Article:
Recent history

In its modern form, the Objectivist movement contains two think tanks, two journals and two magazines, several scholarly organizations, several hundred campus and community groups, and a number of Internet-based forums and social networking sites.

The Atlas Society and the Ayn Rand Institute

Kelley’s Institute for Objectivist Studies (IOS) was founded in 1991, when it began to publish material on Objectivism and host conferences for Rand scholars. In the early 1990s they held a symposium on Chris Sciabarra's book, Ayn Rand: The Russian Radical. In the mid 1990s, IOS invited Nathaniel and Barbara Branden to participate in the institute’s activities, effectively bringing them back into the Objectivist movement. Jim Lennox and the Blumenthals disassociated from the organization in protest. The Brandens have continued to participate in TAS events since that time.

In 1994, the Ayn Rand Institute (ARI) expanded its educational programs into the Objectivist Graduate Center (OGC), which held classes led by Leonard Peikoff and Harry Binswanger. The OGC expanded into the Objectivist Academic Center (OAC) in 2000, offering undergraduate and graduate courses on Objectivism, writing, history, the history of philosophy, and the history of science.Several OAC classes are now accredited. In 1991, Peikoff's book Objectivism: The Philosophy of Ayn Rand was published. It was the first systematic presentation of Rand's philosophy to appear in print. ARI increased its notoriety by staging a protest against President Clinton’s volunteerism initiative in 1996. 1996 also saw a series of lectures on Objectivism by ARI intellectuals at Harvard. ARI gathered more attention for its activism on behalf of the family of Elian Gonzalez. 1998 saw the release of Academy Award nominated documentary, Ayn Rand: A Sense of Life. In 1999 the United States Postal Service released an Ayn Rand stamp.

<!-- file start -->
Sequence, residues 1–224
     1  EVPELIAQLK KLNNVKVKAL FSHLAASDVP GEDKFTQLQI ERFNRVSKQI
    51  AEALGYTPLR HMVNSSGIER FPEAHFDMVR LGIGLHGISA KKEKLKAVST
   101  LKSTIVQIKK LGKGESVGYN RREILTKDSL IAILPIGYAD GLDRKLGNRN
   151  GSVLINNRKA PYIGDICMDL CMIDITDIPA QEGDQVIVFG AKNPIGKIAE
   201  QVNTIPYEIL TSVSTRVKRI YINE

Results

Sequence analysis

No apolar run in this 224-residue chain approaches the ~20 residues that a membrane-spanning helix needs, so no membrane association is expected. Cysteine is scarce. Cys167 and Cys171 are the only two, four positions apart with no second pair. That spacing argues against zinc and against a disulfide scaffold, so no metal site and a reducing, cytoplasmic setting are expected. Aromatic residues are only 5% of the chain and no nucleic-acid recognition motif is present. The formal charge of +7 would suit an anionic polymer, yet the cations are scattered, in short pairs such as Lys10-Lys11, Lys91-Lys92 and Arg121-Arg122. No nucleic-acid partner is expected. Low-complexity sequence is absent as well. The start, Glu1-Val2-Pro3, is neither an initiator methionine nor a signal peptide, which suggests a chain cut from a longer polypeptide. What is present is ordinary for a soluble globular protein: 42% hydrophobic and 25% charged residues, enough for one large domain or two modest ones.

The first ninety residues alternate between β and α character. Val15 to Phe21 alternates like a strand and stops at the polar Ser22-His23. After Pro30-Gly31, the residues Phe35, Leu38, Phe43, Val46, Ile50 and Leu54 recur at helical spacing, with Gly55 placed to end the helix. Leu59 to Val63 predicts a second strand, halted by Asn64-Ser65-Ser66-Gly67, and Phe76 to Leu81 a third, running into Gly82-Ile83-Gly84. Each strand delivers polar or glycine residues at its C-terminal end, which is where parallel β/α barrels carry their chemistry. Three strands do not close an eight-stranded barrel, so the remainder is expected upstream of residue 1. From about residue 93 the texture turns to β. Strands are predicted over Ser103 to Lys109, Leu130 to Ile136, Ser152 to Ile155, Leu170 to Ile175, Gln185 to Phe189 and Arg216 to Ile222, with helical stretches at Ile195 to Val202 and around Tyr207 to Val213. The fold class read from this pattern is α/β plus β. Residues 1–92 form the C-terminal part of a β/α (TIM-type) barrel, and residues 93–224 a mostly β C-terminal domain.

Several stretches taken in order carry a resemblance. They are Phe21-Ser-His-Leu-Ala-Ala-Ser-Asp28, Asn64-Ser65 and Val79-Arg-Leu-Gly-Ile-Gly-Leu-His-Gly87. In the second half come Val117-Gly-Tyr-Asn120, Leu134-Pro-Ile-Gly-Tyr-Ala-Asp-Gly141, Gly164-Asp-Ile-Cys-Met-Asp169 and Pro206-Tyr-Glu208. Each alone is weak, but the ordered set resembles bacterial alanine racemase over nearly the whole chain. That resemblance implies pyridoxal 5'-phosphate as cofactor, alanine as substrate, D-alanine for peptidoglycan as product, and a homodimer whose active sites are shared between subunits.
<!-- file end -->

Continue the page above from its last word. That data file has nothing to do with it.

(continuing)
In 2000, Yaron Brook replaced Michael Berliner as head of the ARI. The 2000s have seen the most rapid growth of the Objectivist movement since its birth in the late 1950s. Op-eds put out by ARI are published by hundreds of newspapers annually, and ARI intellectuals are frequent guests on radio networks such as Air America and TV networks such as Fox News and CNBC. ARI speakers give scores of lectures on college campuses each year, which are sponsored by the hundreds of Objectivist campus clubs around the country. There are many community groups dedicated to the study of Objectivism, as well as several on-line forums and social networks for fans of Rand's novels and philosophy (see links).

As of 2007, ARI has distributed over 700,000 free copies of Ayn Rand’s novels to high schools around the country. In 2005 ARI opened a branch in Canada, which distributes free books to Canadian schools. Independently of ARI's free books program, Rand's books sell over 500,000 copies per year. Total sales of her books since publication is over 24 million copies.

ARI intellectuals are frequently interiewed for their controversial positions, particularly on Islam and the war on terror. In 2006, ARI sponsored a conference on the war on terror. In addition to Objectivist speakers, mid-east scholars Daniel Pipes, Robert Spencer, and Flemming Rose gave lectures. The event was capped by Yaron Brook’s Ford Hall Forum lecture (Brook is only the third Objectivist to be invited to the Ford Hall Forum, after Ayn Rand and Leonard Peikoff).

The 2000s also saw a change for the Atlas Society (TAS). David Kelley stepped down as executive director and was replaced by ex-CATO scholar Ed Hudgins The institute relocated to Washington D.C. and launched a new magazine, The New Individualist TAS has recently attracted media attention following its participation in the 2007 Conservative Political Action Conference - CPAC.